"Let not the wise man boast of his wisdom or the strong man boast of his strength or the rich man boast of his riches, but let him who boasts boast in this: that he understands and knows me, that I am the Lord, who exercises kindness, justice and righteousness on earth, for in these I delight," declares the Lord.I also thought about Galatians 6:14, one of my favorite verses.
May I never boast except in the cross of our Lord Jesus Christ, through which the world has been crucified to me, and I to the world.The idea of boasting gripped me because just last night I was reading Paul David Tripp's book for pastors, Dangerous Calling, in which he says, "You are constantly preaching to yourself some kind of gospel."
I think there's a connection between the things we boast in and the gospel we believe.
Look around and you'll see all sorts of human boasting. Bumper stickers parading our outstanding kids or righteous convictions... fast, shiny new cars that bury us in debt... shouts of "We're Number One!" from the football stands... exaggerated fish stories... immodest or loud clothing... talking too much... Why, even photos of smiling family members set on display in our office can be our way of telling untrue stories about how great we are.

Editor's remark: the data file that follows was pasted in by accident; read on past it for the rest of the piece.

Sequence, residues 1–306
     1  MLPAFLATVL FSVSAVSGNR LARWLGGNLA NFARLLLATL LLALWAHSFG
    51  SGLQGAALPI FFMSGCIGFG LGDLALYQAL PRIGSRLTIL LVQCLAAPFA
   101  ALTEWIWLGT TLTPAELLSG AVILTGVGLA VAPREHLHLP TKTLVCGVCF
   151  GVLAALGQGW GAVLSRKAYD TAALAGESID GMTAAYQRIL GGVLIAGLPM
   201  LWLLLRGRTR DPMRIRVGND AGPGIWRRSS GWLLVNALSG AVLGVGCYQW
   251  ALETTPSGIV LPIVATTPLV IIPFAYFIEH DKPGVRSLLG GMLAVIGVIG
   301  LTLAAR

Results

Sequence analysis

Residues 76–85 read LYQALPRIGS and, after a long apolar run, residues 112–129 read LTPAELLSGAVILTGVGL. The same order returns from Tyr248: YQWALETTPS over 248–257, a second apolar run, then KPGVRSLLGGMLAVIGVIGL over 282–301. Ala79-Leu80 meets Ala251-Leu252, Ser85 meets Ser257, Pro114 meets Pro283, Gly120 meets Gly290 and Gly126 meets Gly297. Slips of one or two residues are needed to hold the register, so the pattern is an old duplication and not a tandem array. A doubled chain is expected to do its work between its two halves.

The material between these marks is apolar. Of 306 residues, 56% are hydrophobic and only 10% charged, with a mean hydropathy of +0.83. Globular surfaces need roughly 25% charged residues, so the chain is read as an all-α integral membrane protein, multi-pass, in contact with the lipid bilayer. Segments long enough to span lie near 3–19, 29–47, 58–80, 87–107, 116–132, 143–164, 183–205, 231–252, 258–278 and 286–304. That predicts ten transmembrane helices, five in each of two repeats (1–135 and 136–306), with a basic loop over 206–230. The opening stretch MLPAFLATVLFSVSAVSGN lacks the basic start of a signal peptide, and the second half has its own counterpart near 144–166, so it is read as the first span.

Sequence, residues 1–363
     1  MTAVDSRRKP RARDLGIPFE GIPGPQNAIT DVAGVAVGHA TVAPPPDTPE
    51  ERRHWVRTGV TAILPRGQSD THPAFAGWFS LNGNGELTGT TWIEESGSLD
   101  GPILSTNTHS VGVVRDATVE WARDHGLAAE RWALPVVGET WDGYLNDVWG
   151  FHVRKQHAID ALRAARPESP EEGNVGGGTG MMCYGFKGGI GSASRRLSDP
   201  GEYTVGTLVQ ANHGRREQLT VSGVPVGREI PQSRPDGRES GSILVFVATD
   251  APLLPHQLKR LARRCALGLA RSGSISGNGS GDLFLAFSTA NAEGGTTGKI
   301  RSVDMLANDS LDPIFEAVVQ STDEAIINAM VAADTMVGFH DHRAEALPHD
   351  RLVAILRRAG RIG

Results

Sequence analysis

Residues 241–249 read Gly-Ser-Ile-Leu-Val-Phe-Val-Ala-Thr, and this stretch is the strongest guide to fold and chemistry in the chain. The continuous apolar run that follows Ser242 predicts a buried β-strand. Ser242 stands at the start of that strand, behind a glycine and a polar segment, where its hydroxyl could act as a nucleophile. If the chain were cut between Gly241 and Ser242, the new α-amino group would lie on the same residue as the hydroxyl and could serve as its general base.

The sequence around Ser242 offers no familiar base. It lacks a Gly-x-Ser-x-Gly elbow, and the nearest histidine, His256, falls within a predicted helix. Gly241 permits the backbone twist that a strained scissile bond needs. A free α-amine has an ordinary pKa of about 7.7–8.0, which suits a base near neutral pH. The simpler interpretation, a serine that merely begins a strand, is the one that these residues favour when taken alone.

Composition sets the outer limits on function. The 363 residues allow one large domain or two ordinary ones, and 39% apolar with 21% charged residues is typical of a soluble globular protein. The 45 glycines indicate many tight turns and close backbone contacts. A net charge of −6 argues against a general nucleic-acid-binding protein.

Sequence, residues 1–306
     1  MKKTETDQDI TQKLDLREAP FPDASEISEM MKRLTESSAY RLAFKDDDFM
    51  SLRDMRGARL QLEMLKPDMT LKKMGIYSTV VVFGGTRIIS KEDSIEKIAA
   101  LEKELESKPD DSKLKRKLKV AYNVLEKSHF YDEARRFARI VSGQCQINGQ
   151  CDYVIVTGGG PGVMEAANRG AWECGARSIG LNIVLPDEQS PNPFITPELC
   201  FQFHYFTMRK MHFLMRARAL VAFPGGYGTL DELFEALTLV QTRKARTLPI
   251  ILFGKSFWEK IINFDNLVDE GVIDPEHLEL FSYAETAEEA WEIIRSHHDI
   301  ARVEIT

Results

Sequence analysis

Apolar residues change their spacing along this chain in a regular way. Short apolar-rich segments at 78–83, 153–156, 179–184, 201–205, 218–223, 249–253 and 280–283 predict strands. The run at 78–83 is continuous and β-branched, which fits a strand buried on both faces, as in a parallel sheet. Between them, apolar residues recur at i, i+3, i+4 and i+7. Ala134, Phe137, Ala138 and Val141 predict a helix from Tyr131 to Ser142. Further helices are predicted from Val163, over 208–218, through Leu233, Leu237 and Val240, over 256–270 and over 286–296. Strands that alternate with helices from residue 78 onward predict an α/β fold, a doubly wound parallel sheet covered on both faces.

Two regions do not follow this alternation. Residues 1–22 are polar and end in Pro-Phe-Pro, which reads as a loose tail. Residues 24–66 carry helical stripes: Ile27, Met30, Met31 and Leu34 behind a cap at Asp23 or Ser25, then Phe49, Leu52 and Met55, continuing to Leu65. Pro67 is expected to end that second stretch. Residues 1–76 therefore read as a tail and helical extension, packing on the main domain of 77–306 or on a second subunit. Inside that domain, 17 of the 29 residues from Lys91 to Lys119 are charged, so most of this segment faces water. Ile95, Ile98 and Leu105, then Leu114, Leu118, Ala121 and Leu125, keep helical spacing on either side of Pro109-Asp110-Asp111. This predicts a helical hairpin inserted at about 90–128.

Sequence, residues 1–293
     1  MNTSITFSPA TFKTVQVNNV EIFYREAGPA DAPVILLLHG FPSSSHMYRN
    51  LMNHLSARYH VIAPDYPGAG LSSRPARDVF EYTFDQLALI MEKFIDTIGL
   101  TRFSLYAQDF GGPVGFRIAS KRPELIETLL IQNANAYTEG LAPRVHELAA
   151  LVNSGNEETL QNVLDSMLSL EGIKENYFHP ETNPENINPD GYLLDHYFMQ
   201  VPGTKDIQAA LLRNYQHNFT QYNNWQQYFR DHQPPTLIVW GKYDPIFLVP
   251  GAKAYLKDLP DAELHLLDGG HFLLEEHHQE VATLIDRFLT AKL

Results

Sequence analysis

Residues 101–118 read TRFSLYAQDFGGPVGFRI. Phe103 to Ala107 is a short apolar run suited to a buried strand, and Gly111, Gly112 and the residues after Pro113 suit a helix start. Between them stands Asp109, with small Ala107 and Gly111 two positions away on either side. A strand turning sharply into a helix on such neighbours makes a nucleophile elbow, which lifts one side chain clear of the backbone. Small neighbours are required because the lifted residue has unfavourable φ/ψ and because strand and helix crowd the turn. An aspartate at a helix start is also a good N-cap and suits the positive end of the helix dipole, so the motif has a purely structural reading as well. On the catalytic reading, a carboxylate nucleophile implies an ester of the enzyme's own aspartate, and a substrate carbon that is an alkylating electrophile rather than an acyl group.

I look at my own heart and find that I boast in jobs well done, sermons well preached, counseling sessions well run. I generally boast in things that bring me the praise of man. Conversely, my regrets and griefs generally revolve around personal failures, mistakes, and foul-ups.
The common denominator: ME. God is not even in the equation.
Jeremiah admonishes me not to boast in things that bring me attention, admiration, and power, but to boast in the astonishing fact that I know God. Or as Galatians 4:9 points out, the even more astonishing idea that I am known by God!
As long as I preach to myself the "gospel" of good works and accomplishments, I am set up for disappointment. Because the bar is too high. I can never be good enough to satisfy the voracious appetite of pride. There will always be someone out there better than me. I will fail. In less than an hour, or sooner.
But the gospel of Jesus says that Someone who is perfect has gone to bat for me, has fully paid for all my sins, and has satisfied on my behalf the one Being in the universe whose opinion really matters. The struggle for significance is over. It's done. If I want to boast in anything, I can boast in my weaknesses (2 Corinthians 12:9). I'm free! I can be small, and obscure, and unknown, because my identity is rooted not in what I do but in the fact that I'm a loved, forgiven, adopted, justified, redeemed, rescued, secure child of God.
May I never boast, except in the cross of our Lord Jesus Christ.